Join us for a special evening of refreshments, conversations, readings, video, and more in our annual evening showcasing great literary magazines.
    Embedded thumbnail for Literary Magazine Salon: Digging Through the Fat and Guernica
  • Monday, April 10, 2017 - 6:30 PM | Lecture | Open to the Public | Members' Room | $15 per person | advance registration required
    This groundbreaking book from Pulitzer Prize–winning historian Frances FitzGerald is the first to tell the powerful, dramatic story of the evangelical movement in America—from the Puritan era to the 2016 presidential election.
    Embedded thumbnail for Frances FitzGerald, The Evangelicals: The Struggle to Shape America
  • Wednesday, April 5, 2017 - 6:30 PM | Lecture | Open to the Public | Members' Room | $15 per person | Advance registration required
    The former New Yorker staff writer brings us the rare, vividly personal account of what it feels like to suffer from clinical depression, written from a woman’s perspective and informed by an acute understanding of the implications of this disease over a lifetime.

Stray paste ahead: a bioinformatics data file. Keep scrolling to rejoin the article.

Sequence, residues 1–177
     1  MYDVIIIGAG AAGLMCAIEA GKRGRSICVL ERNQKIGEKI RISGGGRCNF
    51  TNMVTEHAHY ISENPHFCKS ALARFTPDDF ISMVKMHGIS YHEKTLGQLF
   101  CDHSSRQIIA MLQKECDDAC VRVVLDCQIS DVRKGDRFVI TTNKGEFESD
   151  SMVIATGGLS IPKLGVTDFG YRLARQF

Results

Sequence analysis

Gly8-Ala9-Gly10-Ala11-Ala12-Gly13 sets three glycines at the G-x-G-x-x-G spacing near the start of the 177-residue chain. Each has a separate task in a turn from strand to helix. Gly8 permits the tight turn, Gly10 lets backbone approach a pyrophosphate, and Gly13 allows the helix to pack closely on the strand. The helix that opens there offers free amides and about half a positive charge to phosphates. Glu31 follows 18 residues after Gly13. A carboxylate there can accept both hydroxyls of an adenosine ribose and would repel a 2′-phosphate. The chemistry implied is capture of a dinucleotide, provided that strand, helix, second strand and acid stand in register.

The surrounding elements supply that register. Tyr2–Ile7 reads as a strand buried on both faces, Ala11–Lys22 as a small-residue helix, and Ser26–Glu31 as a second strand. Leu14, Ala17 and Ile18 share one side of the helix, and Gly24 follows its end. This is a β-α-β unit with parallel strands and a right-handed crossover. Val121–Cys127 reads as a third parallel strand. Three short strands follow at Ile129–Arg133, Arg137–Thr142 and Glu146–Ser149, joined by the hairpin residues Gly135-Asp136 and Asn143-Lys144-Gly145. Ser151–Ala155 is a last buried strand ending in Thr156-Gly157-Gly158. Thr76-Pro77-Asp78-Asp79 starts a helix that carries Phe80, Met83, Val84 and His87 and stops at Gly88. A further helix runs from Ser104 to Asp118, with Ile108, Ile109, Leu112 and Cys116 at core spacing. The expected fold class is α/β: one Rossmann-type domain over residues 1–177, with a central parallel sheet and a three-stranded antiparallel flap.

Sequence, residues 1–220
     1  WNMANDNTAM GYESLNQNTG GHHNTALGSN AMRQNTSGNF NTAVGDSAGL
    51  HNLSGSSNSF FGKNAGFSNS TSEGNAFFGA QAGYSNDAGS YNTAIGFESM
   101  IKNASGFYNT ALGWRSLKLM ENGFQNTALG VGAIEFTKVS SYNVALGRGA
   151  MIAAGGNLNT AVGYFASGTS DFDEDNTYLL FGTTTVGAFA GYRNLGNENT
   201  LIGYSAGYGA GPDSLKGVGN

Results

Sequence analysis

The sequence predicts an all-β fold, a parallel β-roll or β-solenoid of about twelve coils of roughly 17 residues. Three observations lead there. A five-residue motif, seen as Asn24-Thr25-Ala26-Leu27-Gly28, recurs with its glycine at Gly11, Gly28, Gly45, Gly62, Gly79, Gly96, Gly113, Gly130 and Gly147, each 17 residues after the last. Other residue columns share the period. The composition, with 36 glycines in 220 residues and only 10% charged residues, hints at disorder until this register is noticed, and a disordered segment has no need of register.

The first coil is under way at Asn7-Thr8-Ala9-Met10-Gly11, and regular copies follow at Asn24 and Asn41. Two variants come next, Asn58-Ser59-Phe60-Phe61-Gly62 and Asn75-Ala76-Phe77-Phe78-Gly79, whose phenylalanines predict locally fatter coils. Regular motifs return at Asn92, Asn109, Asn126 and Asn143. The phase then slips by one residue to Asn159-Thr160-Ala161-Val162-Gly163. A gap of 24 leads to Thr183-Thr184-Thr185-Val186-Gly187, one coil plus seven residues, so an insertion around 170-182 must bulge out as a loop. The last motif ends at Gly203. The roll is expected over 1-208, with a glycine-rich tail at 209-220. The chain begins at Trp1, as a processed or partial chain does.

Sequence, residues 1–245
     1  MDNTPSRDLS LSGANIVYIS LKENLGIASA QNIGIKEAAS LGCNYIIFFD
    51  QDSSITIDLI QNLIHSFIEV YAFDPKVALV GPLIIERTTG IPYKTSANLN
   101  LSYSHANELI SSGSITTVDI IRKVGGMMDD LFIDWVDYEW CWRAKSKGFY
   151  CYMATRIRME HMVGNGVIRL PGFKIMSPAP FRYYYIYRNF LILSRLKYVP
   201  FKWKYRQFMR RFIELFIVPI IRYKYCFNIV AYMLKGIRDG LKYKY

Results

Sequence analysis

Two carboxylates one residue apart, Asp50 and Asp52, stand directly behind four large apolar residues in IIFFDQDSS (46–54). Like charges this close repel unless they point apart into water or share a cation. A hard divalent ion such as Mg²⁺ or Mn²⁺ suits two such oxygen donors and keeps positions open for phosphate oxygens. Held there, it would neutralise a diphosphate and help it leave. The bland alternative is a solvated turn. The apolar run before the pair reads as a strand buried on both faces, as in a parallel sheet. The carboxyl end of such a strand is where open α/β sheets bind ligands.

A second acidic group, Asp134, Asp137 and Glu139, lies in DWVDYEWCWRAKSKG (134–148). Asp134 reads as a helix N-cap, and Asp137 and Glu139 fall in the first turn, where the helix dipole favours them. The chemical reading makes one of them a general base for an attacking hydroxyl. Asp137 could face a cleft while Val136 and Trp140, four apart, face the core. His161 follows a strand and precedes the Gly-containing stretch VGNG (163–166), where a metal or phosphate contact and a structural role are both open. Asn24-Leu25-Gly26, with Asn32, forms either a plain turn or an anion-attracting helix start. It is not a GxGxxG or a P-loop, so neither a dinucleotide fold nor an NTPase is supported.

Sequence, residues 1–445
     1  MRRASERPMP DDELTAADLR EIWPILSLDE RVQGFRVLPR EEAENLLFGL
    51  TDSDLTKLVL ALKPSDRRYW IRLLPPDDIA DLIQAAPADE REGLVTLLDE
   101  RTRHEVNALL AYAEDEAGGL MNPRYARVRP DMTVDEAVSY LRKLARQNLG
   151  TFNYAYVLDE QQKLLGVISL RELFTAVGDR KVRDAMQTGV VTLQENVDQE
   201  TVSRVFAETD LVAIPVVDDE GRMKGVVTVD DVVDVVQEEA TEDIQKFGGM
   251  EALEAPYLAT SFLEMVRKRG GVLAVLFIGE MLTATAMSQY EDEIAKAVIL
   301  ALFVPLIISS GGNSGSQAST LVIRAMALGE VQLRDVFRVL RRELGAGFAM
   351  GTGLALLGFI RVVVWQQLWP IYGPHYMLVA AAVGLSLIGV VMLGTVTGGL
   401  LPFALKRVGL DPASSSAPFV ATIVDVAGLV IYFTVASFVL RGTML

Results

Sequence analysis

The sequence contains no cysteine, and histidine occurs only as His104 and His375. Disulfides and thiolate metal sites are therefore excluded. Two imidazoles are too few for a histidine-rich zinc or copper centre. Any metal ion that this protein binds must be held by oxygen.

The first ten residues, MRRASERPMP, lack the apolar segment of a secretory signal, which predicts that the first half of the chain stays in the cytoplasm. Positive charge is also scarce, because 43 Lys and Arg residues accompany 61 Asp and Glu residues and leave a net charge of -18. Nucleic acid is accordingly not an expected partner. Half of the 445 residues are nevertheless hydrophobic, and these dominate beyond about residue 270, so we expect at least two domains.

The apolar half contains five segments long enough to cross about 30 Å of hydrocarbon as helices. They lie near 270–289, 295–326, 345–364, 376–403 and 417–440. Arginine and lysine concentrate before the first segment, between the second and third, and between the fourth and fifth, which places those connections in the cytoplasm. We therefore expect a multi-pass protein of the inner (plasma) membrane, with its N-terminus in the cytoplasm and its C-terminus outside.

Embedded thumbnail for Daphne Merkin, This Close to Happy: A Reckoning with Depression
  • Thursday, March 30, 2017 - 6:30 PM | Lecture | Open to the Public | Members' Room | $15 per person | Advance registration required
    The author of Free Food for Millionaires writes the sweeping saga of an exceptional Korean family through the generations.
    Embedded thumbnail for Min Jin Lee with Jeannette Watson Sanger, Pachinko: A Novel
    Event Recording
  • Thursday, March 23, 2017 - 6:30 PM | Lecture | Open to the Public | Members' Room | $15 per person | Advance registration required
    The first major book about the relationship between Eleanor Roosevelt and Lorena Hickok, Eleanor and Hick offers a vivid portrait of love and a revealing look at how an unlikely romance influenced some of the consequential years in American history.
    Embedded thumbnail for Susan Quinn, Eleanor and Hick: The Love Affair That Shaped a First Lady